Film Review: Midnight Special (USA, 2016)

From Writer and Director Jeff Nichols, an emerging American auteur who has already slammed two home runs with the brilliant Take Shelter (2011) and the film which arguably reignited Matthew McConoughey’s career, Mud (2012), comes his most ambitious film to date – Midnight Special, which opens in Australian cinemas today.

In Midnight Special – which re-unites Nichols with Michael Shannon, who starred in Take Shelter – Nichols brings us a film that walks a tight-rope between a number of genres. Though its sci-fi tag is going to be the genre that most will identify with – and is certainly how they’re selling the film – at its heart, this is part family drama (admitedly bizarro family drama), part road movie, and part thriller.

From his opening notes, Nichols throws us in the deep end as a man we know only as Roy (Shannon) is on the run with a boy, Alton Meyer (the remarkable young actor Jaeden Lieberher, who made his mark with the Bill Murray fronted film St. Vincent), who the news report as kidnapped by Roy, accompanied by Lucas (Australia’s Joel Edgerton, who follows up his own The Gift with another Indie gem) and later Sarah Tomlin (Kirsten Dunst, an actress who has found a resurgence in roles in the last couple of years).

Not much is known about the boy, nor his relationship to the people around him, but we know a Cult is after him, as are the authorities. Sitting in the corner of a hotel room with ear muffs and goggles covering his eyes, there are indications that this is the kidnapping that was reported – but of course, there’s a lot more to the story than meets the eye. And as the boy’s powers are revealed and the details of the saga are slowly but cleverly unveiled, we’re taken on a thrilling ride that doesn’t let up until its final notes, led by a spectacular score from David Wingo and outstanding cinematography by Adam Stone – both of whom collaborated with Nichols on his last two feature films. Meanwhile, the performances from all our major players – as well as Adam Driver, who is working with the Government to locate the boy and serves as a strong presence in the film – are outstanding. It’s fair to say this film was perfectly cast.

As a fan of the works of science fiction author Ursula Le Guin, I’ve always been fascinated by sci-fi works which are stemmed in modern reality. No dramatic fight scenes with thousands of space ships in space – it’s just a story about people that happens to take place on a different world, or in the case of this film, with a character who has unusual powers. Moon is another film that is among my highlights of the genre from the last decade for this very reason. And in Midnight Special I have found another – a family drama meets road movie that just happens to have elements of a sci-fi.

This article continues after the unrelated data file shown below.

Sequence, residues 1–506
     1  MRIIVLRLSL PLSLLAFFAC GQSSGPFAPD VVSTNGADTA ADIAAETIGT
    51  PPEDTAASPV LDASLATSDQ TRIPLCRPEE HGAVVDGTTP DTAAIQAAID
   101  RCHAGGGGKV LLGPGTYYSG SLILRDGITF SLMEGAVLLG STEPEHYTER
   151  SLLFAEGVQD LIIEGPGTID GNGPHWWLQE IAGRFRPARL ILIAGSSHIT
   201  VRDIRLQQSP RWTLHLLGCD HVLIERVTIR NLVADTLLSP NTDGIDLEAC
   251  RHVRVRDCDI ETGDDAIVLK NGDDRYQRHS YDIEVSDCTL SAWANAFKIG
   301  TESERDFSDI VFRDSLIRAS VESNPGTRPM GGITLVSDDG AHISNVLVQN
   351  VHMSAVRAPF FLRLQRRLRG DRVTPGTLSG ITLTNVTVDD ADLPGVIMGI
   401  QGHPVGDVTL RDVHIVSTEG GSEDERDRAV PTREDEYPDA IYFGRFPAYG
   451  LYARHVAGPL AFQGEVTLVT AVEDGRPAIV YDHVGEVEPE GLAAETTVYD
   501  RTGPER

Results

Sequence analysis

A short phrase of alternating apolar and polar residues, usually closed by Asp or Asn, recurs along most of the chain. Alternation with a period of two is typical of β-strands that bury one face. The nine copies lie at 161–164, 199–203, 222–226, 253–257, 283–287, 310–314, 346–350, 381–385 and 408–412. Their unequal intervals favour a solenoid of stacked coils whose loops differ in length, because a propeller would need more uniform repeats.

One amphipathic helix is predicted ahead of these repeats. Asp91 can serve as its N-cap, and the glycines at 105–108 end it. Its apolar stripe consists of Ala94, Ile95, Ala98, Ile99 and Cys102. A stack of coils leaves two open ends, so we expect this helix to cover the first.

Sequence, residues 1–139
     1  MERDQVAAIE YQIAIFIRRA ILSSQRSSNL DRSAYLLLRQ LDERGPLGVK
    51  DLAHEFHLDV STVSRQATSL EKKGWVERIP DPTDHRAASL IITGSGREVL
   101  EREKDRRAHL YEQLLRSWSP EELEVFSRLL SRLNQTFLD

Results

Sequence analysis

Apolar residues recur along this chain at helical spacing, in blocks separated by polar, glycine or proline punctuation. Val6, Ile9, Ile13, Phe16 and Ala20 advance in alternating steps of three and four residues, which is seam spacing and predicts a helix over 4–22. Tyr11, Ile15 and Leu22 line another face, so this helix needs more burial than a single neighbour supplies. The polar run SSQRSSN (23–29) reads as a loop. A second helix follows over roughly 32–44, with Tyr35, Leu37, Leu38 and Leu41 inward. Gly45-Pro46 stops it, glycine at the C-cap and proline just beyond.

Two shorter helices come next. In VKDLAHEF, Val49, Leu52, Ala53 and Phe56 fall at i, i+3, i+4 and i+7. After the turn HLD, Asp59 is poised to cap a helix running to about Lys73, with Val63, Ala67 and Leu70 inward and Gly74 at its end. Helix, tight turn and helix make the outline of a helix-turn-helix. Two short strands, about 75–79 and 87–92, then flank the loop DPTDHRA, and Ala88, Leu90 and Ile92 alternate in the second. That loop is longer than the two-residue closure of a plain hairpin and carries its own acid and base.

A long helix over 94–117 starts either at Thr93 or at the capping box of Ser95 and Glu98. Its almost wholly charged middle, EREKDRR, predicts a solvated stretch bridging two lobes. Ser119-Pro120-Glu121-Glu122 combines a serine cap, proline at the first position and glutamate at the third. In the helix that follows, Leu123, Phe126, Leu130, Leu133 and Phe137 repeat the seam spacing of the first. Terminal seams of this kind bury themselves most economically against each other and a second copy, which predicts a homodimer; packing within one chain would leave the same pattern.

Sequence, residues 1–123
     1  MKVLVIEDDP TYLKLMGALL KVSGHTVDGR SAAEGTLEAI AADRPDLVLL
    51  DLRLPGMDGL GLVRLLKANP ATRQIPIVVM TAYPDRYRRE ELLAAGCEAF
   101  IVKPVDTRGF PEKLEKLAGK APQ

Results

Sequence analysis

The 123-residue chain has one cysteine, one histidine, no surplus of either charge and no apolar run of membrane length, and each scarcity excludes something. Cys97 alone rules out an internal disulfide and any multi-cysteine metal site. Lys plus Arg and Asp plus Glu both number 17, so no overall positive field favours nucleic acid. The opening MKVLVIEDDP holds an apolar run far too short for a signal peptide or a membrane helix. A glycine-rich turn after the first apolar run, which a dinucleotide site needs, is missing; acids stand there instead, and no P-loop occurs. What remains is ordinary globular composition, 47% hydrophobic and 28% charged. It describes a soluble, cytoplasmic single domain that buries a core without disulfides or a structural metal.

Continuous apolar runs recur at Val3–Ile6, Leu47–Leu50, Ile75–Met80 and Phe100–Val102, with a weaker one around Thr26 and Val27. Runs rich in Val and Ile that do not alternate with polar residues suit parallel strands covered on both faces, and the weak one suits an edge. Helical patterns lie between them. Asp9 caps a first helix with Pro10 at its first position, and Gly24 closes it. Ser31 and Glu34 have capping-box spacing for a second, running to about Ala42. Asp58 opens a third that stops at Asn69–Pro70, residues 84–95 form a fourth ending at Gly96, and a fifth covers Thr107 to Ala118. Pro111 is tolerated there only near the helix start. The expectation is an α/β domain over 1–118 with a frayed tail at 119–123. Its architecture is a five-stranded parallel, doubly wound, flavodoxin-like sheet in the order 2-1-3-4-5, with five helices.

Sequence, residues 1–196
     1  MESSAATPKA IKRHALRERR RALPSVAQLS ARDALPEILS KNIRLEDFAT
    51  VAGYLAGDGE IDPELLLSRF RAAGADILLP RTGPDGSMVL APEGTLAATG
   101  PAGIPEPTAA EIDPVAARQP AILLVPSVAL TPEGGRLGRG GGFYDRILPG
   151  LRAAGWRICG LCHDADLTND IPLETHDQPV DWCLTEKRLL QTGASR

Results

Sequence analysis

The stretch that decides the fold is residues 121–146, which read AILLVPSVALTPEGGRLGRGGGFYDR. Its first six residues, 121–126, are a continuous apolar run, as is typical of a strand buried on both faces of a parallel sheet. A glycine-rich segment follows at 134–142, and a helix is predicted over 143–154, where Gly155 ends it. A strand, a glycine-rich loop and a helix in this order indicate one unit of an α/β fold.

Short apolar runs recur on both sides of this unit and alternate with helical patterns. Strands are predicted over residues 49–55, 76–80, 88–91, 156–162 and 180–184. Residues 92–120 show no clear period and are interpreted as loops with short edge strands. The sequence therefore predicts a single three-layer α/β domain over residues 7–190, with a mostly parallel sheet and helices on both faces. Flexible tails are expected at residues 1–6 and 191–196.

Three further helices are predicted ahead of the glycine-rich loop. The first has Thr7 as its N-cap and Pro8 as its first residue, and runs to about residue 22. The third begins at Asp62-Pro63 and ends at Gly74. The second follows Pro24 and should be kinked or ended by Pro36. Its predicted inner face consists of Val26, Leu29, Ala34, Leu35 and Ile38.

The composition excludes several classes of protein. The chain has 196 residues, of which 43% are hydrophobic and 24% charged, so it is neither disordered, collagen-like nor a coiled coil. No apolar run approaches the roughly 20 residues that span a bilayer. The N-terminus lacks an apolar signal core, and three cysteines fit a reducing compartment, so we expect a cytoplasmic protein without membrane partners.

From a technical stand-point, it’s hard to fault the film. Thematically, some may find the film too melo-dramatic, especially towards the end, but this will come down to personal taste. I felt Nichol’s balanced the story well – though he was admittedly walking a tightrope as he led his actors, as does any Director producing a film that at least partly parades itself as a family drama. If I was to single out one thing, without giving anything away, there was part of me that didn’t want to see the ending I saw. Not that it was unsatisfying by any means, but it gave too much away. As JJ Abrams might say, sometimes it’s better to keep the mystery box closed. Though don’t worry, there isn’t some Contact climactic moment you need to dread; this is but a minor criticism of what is otherwise a powerful and remarkable film.

Midnight Special is the example of a near perfect sci-fi film, set against the backdrop of our modern world. It’s as enjoyable as any of the recent critically acclaimed films that fit in a similar spectrum – such as the brilliant Ex-Machina or the aforementioned Moon – and is as technically sound. Nichol’s Direction continues his run of solid Indie films (and it’s great to see what he can do with a comparatively decent budget and a couple of years up his sleeve), while the respective music and cinematography from his collaborators Stone and Wingo, not to mention the excellent script and acting that accompanies the piece, truly makes it one of the must-see films of 2016.


Midnight Special is in Australian cinemas from today.


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Larry Heath

Founding Editor and Publisher of the AU review. Currently based in Toronto, Canada. You can follow him on Twitter @larry_heath or on Instagram @larryheath.

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